Voice of the Child
  • 25th Nov 2015

The Family Justice System, is committed to hearing the views of children and young people when their parents separate.  The Family Law organisation Resolution as part of its Dispute Resolution week at the end of November 2015 has Children First as its focus.  It also promotes a parenting charter which appears at the end of this article. 

In 1989, the Children Act enshrined the “welfare” of the child as being of paramount importance.  Discovering what the wishes and feelings of a child are has long been recognised as one element of this principle of the child’s welfare.  In practice, it can be difficult to hear the voice of the child when the voices of the disputing parents are centre stage.  The parents are the decision makers in a family unit.  But when that family unit is disrupted, decision making is often more difficult. 

This is where family law specialists are often called upon.  Many parents look for initial guidance from a family lawyer.  All parents in dispute are encouraged to be signposted towards getting advice that will keep them out of court wherever possible.  Much work has been done to promote the CAFCASS website to provide families with information.  The website also provides a parenting plan that parents can use to work out the details of what their children will need from each of them. 

Parents are encouraged to consider mediation or a collaborative process to map out what options exist to overcome the difficulties that present when parents separate.  Not every case is suitable for this style of dispute resolution but it is grounded in the principle that a court application should be the last resort.  It is rare that a child will attend court because more often than not, going to court can be harmful to a child and their interests. 

Mention court to a child and they are likely to be afraid.  They commonly associate courts with criminals who have done something wrong.  For the third year running, the Family Justice and Young Peoples Board has hosted an annual conference entitled “Voice of the Child”.  The board has within its membership young people who have had experience of the Family Justice System as children.  Their experiences are feeding into decisions that are now being taken about how to manage and ease issues for the child in family law proceedings. 

Children and young people have reported that they often do not know what is happening or what will happen.  One child in particular said “I feel like sometimes adults forget that our views are also important”. 

Ideally each parent should listen to how the child feels and try to take into account those feelings in their decision making.  This can be problematic when the parents disagree on what has happened or what they want to happen in the future.  They can have their own vested interests in the outcome.   

A distressed parent may find it hard to talk to their child.  Any conversation should be age appropriate.  Childcare professionals who are independent of the parents can be called in if need be.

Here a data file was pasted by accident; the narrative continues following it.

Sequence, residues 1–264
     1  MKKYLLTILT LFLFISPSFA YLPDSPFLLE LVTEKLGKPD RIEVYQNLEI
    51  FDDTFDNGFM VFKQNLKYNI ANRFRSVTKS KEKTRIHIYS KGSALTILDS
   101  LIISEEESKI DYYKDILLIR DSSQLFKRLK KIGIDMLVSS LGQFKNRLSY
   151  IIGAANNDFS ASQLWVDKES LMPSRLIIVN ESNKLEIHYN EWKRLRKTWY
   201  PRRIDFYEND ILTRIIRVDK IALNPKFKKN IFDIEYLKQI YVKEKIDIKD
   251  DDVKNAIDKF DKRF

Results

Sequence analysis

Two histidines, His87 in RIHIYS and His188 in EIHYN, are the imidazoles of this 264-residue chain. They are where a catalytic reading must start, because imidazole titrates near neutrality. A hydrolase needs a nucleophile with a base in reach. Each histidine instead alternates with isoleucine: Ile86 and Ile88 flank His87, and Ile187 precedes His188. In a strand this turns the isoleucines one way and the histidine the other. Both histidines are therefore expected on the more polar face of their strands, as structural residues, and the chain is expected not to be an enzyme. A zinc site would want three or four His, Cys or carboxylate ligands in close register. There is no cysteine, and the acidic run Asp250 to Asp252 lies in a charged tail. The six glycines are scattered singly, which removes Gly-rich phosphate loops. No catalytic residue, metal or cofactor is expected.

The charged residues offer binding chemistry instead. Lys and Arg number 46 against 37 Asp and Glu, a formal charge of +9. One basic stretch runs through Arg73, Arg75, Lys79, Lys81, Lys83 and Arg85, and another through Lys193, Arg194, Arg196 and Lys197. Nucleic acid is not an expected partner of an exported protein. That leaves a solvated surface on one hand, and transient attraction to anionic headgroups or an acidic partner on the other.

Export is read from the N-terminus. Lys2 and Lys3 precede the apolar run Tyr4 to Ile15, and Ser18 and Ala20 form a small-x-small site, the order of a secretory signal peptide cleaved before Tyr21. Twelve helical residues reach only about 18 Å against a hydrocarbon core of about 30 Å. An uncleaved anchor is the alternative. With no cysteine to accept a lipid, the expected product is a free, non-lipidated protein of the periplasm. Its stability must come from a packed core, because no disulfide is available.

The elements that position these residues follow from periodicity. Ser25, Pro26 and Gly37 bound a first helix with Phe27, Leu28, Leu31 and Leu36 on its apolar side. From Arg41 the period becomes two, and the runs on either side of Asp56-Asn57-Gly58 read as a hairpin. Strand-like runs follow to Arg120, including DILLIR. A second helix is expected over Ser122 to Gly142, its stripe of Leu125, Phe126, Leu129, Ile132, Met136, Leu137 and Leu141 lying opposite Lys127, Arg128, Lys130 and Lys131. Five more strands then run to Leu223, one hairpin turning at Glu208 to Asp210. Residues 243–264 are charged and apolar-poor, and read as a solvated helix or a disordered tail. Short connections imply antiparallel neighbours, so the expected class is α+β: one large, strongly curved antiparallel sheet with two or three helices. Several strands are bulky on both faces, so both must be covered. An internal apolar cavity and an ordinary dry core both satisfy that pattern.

The Dispute Resolution Advisory Group have put forward a number of recommendations, a small extract of those recommendations being listed below:

  • Children and young people aged 10 and above should be offered to have their voices heard in dispute resolute processes including mediation.
  • An authoritative website and online tools as a “place to go” for young people involved in a parental separation.
  • Separating parents to be encouraged to attend a Separated Parents Information Programme or Working Together for Children. 

A common thread that runs through mediation, collaboration and court practice is that all the professionals and the parties involved in disputes should be listening to the children.  If the parents can agree and find a solution that is best for their children, the court will not intervene.  The court will only determine disputes where the parents cannot agree. 

The court is assisted by a CAFCASS worker whose role it is to engage with the child or young person and ascertain their wishes and feelings and report that back.  The way in which this work is being done is essential to promoting the child’s voice as some of the most vulnerable people in our society.  Whilst a Judge can speak to a child within a case, it is extremely rare for him or her to do so.  A Judge is far more likely to rely upon the CAFCASS officer who will have met the child in their own home and with their parents so they better understand the family dynamic and the interests and needs of each child. 

The Resolution Parenting Charter encourages the parents to agree;

OUR CHILDREN HAVE THE RIGHT TO:                          

  •            Be at the centre of any decisions made about their lives
  •            Feel and be loved and cared for by both parents.
  •            Know and have contact with both sides of their families, as long as they are safe.
  •            A childhood free from adult pressures and worries.
  •            Support and encouragement for their educational, physical and mental wellbeing.
  •            Form and express their own views on matters affecting them.
  •            Privacy and respect for their feelings.
  •            Protection from harmful information and material.
  •            Protection from harm including adults who might do them harm.

If you or a family member are experiencing issues that affect children and may need some legal guidance, the family law specialists at Whitehead Monckton can help you understand the steps that need to be taken and solutions that can be offered.